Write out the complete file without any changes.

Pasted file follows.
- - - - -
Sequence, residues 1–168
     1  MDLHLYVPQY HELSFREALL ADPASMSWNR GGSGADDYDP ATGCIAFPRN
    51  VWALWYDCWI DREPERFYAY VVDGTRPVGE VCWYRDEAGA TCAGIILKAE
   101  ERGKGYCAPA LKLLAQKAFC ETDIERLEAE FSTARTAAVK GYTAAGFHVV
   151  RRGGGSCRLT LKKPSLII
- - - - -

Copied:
Sequence, residues 1–168
     1  MDLHLYVPQY HELSFREALL ADPASMSWNR GGSGADDYDP ATGCIAFPRN
    51  VWALWYDCWI DREPERFYAY VVDGTRPVGE VCWYRDEAGA TCAGIILKAE
   101  ERGKGYCAPA LKLLAQKAFC ETDIERLEAE FSTARTAAVK GYTAAGFHVV
   151  RRGGGSCRLT LKKPSLII